We previously discussed how the CIA used a doctor in an international vaccination program to help locate Osama Bin Laden. The use of such a cover violated international agreement and led to other doctors being attacked or barred from areas as suspected CIA operatives. Under huge international pressure, the Obama Administration finally agreed not to use such programs as covers for the CIA this year. However, a new story alleges that the CIA used young, undertrained Latin Americans for spying in Cuba while working as part of a program funded by the U.S. Agency for International Development (USAID) in dealing with HIV prevention and other subjects.
The report states that USAID hired Creative Associates International, a Washington-based company, as part of a program targeting Cuba’s communist government. These kids from Venezuela, Costa Rica and Peru were paid as little as $5.41 an hour and given little training despite the risks. I am pretty sure that the contractors made a far greater profit.
What is striking is this program was launched after Obama personally heralded a “new beginning” with Cuba in allowing more exchanges and relations. We then used a USAID program to spy on Cuba.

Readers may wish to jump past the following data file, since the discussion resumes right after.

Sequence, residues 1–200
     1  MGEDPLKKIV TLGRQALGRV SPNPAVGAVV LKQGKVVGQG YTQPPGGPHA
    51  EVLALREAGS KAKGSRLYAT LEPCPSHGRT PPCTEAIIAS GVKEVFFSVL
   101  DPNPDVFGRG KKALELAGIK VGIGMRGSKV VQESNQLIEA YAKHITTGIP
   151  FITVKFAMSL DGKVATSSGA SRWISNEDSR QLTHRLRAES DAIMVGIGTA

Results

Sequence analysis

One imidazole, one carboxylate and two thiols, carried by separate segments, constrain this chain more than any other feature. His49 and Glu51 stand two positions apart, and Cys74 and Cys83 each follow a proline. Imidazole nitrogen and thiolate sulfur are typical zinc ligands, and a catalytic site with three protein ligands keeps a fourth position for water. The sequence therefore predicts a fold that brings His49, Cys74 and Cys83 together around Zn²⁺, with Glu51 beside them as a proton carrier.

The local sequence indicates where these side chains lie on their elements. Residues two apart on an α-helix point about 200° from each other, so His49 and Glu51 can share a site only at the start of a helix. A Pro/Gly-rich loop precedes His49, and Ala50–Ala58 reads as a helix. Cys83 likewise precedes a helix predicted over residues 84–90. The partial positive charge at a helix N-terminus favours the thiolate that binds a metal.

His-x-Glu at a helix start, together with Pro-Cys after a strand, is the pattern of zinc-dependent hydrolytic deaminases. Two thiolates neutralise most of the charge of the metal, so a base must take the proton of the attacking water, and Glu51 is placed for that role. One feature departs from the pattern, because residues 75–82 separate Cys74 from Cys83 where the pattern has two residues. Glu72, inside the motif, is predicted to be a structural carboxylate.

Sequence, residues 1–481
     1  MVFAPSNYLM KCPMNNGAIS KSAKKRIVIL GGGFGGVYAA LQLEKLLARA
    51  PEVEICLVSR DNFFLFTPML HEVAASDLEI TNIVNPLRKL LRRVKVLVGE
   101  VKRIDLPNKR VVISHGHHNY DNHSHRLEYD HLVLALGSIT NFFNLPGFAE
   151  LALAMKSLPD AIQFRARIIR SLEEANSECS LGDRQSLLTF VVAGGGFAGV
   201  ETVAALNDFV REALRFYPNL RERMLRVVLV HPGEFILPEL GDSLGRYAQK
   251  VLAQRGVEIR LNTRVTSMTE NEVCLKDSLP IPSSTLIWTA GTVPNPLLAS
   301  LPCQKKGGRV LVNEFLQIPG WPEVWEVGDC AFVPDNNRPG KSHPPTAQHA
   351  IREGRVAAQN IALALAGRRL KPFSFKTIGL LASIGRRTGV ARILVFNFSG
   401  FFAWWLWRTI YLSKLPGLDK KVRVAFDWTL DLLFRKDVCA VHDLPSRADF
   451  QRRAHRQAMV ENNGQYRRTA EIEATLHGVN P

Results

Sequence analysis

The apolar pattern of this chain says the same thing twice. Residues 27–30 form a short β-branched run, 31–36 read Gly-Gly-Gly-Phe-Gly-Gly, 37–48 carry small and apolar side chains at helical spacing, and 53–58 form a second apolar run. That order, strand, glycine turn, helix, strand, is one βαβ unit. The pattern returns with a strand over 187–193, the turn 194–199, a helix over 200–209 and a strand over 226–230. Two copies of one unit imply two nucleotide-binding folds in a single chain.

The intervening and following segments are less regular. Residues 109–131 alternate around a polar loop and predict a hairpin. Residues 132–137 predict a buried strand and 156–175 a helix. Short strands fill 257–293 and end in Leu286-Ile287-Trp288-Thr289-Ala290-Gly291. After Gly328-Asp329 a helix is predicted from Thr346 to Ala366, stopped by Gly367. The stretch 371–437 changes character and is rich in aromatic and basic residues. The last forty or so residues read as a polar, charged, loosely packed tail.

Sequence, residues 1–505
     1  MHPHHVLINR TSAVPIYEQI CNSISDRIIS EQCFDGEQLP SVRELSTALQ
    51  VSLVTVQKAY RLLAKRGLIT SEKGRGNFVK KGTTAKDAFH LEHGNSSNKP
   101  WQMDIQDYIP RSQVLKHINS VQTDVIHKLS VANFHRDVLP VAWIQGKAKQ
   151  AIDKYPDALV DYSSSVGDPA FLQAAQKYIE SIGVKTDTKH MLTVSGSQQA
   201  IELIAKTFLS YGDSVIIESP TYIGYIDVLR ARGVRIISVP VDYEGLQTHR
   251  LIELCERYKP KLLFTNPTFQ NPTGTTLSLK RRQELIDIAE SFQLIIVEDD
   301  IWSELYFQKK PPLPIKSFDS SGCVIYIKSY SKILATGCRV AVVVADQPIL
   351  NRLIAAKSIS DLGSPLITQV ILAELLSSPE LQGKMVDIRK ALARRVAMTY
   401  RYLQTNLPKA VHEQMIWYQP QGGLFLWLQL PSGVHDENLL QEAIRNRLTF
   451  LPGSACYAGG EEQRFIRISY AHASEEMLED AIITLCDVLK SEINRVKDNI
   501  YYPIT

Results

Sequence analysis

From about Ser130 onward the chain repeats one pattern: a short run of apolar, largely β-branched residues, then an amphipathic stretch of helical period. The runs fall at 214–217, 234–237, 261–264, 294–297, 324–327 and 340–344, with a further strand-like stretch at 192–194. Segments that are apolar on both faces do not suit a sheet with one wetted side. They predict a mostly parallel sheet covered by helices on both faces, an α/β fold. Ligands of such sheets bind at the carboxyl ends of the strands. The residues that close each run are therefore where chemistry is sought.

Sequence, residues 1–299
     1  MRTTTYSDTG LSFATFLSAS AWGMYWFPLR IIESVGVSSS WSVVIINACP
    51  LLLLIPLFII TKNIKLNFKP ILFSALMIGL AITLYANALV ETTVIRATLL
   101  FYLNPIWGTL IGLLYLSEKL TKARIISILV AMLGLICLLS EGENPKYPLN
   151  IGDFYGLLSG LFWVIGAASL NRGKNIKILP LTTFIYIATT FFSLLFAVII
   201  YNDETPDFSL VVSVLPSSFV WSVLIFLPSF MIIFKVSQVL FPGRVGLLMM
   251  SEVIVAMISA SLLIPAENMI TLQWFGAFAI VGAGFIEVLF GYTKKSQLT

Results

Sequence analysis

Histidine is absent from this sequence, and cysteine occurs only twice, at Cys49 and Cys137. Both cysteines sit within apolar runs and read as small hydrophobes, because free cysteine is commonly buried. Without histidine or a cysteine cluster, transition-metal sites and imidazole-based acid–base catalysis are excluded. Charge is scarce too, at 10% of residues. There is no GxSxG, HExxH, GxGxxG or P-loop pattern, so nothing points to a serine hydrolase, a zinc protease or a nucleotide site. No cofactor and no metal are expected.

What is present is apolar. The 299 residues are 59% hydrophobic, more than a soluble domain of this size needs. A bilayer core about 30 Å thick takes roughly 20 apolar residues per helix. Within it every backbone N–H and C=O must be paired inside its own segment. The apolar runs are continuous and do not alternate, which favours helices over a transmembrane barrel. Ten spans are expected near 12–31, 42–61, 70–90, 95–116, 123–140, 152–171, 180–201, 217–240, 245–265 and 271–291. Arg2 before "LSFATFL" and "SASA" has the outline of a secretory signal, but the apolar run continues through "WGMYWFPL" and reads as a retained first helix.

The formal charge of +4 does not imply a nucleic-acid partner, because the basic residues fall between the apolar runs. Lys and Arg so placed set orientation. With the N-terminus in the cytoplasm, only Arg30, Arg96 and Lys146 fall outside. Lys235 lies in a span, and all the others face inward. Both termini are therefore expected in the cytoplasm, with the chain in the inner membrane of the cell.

USAID insists that the program “enabled support for Cuban civil society while providing a secondary benefit of addressing the desire Cubans expressed for information and training about HIV prevention.” However, the Associated Press reports that the young workers were meant to “identify potential social-change actors” and came close to blowing their covers and being arrested. The AP quotes the instructions as saying that “[a]lthough there is never total certainty, trust that the authorities will not try to harm you physically, only frighten you. Remember that the Cuban government prefers to avoid negative media reports abroad, so a beaten foreigner is not convenient for them.”
Once again, the alleged deception will hurt not just our efforts in areas like HIV prevention but those of other countries. Since we used foreign students, all such programs will become targets for suspicion and possible attacks. This is precisely what radicals want in countries where they seek to avoid Western influence and medicine.